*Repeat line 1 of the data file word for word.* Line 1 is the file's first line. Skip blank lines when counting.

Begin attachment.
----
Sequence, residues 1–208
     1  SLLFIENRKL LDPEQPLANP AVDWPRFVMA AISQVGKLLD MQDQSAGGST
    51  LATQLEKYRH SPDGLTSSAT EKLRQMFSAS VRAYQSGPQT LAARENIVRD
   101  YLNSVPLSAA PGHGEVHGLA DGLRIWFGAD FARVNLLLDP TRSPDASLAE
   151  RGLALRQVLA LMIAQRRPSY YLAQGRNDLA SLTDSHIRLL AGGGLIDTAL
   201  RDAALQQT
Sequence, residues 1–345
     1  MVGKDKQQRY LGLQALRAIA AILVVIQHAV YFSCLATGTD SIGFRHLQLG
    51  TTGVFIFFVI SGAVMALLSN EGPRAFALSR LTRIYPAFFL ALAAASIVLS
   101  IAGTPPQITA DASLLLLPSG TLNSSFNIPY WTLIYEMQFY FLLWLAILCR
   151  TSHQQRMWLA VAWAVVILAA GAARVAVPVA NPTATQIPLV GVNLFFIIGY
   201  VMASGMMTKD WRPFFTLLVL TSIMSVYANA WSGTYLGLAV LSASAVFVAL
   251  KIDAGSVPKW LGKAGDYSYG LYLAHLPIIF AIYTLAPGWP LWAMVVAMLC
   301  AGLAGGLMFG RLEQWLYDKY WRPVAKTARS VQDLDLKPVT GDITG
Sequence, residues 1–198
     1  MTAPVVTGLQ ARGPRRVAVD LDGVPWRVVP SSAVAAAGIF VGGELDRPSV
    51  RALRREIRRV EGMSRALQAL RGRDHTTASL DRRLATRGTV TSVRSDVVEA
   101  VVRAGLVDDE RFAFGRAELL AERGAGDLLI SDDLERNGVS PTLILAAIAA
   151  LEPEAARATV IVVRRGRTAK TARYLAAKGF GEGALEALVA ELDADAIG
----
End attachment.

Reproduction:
Sequence, residues 1–208